Question: What does <*> mean in a vcf file?
2
gravatar for Ketil
16 months ago by
Ketil3.9k
Germany
Ketil3.9k wrote:

Hi,

I'm running samtools (version 1.3.1, Ubuntu 17.04 default) to generate a VCF from a reference and some BAM files:

samtools mpileup --ff 0x800 -r my_contig -v -f my_genome.fa *.bam -o my.vcf

But in the VCF file, all lines have a format like:

my_contig    4       .       A       <*>     0       .       DP=1;I16=1,0,0,0,34,1156,0,0,0,0,0,0,0,0,0,0;QS=1,0;MQ0F=1      PL      0,0,0   0,3,4

In short, ALT (alternative allele) is set to be "<>". From the VCF specification, * indicates a deletion, while brackets indicate some sort of ID string. To me, none of these make much sense, and here the depth is 1 - how can there be any variants here? (For actual polymorphic sites, ALT is something like G,<>. As if that helps.)

I'm quite confused by this, and a subsequent 'bcftools' similarly fails:

Symbolic alleles other than <DEL> are currently not supported: <*> at my_contig:4

I can generate the consensus using a program I've written myself, but I would like to leverage whatever magic bcftools uses to QC polymorphisms, and also I think it is better to stick to more mainstream tools - providing they work, that is.

vcf bcf samtools bcftools • 2.0k views
ADD COMMENTlink modified 15 months ago by d-cameron2.0k • written 16 months ago by Ketil3.9k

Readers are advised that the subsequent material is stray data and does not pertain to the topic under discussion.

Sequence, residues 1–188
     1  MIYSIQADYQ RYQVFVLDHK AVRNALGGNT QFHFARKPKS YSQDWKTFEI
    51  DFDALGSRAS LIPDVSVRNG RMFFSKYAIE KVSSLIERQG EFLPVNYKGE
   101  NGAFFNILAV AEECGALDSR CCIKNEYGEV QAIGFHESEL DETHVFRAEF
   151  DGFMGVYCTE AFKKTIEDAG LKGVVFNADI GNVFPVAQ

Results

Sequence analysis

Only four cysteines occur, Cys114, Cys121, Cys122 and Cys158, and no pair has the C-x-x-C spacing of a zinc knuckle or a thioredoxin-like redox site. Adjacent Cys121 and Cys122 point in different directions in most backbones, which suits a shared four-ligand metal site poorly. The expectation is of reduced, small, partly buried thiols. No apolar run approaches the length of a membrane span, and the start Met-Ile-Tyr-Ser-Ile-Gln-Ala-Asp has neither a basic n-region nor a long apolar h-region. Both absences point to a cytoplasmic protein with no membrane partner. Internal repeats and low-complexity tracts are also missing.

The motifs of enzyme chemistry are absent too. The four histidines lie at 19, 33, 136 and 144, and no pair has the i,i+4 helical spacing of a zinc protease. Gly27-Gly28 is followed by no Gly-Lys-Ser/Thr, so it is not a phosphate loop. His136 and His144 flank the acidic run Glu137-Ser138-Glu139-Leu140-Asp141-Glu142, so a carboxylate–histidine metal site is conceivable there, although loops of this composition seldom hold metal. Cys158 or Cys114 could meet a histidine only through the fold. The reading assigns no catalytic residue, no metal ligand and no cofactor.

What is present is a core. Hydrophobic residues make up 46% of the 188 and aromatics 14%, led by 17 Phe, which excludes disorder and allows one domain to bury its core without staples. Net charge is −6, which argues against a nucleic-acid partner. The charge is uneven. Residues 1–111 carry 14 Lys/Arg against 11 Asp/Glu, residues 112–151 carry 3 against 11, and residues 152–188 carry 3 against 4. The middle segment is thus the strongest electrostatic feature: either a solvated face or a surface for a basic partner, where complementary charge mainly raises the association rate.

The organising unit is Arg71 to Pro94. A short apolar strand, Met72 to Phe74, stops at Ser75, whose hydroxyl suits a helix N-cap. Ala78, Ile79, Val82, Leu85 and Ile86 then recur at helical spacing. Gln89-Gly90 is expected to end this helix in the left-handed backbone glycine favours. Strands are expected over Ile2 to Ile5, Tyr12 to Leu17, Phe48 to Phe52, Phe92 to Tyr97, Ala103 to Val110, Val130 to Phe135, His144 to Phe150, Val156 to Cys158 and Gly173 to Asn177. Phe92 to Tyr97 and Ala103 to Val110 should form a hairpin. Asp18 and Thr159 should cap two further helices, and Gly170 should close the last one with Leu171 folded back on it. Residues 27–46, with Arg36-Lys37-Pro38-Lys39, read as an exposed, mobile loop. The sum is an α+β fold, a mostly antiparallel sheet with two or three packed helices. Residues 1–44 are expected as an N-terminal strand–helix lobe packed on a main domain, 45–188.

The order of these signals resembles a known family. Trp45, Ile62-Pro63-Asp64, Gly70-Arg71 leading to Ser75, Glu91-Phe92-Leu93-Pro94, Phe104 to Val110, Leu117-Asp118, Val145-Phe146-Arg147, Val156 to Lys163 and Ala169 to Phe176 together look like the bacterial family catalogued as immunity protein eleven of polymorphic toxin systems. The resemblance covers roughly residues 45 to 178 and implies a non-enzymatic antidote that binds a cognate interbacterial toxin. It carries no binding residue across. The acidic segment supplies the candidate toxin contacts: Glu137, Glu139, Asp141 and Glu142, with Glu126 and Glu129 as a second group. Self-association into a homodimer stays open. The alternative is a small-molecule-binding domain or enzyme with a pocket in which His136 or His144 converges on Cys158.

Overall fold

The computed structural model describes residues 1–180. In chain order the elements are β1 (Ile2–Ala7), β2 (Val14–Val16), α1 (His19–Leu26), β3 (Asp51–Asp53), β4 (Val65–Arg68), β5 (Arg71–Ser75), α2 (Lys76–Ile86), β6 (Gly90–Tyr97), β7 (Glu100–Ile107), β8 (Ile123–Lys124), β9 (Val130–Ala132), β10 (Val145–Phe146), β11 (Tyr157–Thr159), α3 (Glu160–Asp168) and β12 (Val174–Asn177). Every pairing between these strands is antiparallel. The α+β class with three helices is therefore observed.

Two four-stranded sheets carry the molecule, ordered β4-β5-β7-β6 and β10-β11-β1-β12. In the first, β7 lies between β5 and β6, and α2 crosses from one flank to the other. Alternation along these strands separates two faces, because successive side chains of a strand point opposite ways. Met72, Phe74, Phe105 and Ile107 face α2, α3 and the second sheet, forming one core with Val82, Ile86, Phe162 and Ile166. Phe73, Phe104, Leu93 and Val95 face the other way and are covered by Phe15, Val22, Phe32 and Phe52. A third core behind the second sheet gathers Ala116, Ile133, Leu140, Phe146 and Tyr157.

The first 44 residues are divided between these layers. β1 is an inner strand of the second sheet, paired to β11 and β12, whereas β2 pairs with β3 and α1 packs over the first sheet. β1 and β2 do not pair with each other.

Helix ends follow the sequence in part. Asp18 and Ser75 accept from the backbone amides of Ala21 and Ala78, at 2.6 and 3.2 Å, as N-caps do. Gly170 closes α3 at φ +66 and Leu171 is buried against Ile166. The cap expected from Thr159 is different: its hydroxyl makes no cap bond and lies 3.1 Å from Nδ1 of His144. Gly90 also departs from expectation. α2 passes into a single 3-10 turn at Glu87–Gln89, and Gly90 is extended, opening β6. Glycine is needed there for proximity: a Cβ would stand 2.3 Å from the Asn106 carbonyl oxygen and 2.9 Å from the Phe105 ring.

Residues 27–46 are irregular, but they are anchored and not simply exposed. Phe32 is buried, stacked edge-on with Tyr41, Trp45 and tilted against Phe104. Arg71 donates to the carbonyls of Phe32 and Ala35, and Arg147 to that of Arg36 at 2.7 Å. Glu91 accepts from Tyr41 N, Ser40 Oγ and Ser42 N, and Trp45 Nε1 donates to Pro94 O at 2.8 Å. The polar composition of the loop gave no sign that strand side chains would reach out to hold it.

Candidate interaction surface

it's generated here: https://github.com/samtools/samtools/blob/master/bam2bcf.c#L741 I think there is no call/no ALT here. Did you bcftools call with '--variants-only' ?

ADD REPLYlink written 16 months ago by Pierre Lindenbaum117k

I didn't use --variants-only (it's not an option to 'bcftools consensus', which I used). The output is from samtools and not bcftools, anyway. Thanks for the code pointer, but I can't really understand how this is supposed to work.

ADD REPLYlink written 16 months ago by Ketil3.9k

What's the VCF version? Check the first line of the VCF file to find its version

ADD REPLYlink written 15 months ago by RamRS20k
3
gravatar for d-cameron
15 months ago by
d-cameron2.0k
Australia
d-cameron2.0k wrote:

In short, ALT (alternative allele) is set to be "<>". From the VCF specification, * indicates a deletion, while brackets indicate some sort of ID string. To me, none of these make much sense, and here the depth is 1 - how can there be any variants here? (For actual polymorphic sites, ALT is something like G,<>. As if that helps.)

The VCF specifications includes multiple types of symbolic alleles, not all of which are listed in section 1.4.5 (this appears to be an oversight in the specifications document). The relevant section for your question is section 5.5:

5.5 Representing unspecified alleles and REF-only blocks (gVCF)

In order to report sequencing data evidence for both variant and non-variant positions in the genome, the VCF specification allows to represent blocks of reference-only calls in a single record using the END INFO tag, an idea originally introduced by the gVCF file format† . The convention adopted here is to represent reference evidence as likelihoods against an unknown alternate allele. Think of this as the likelihood for reference as compared to any other possible alternate allele (both SNP, indel, or otherwise). A symbolic alternate allele <*> is used to represent this unspecified alternate allele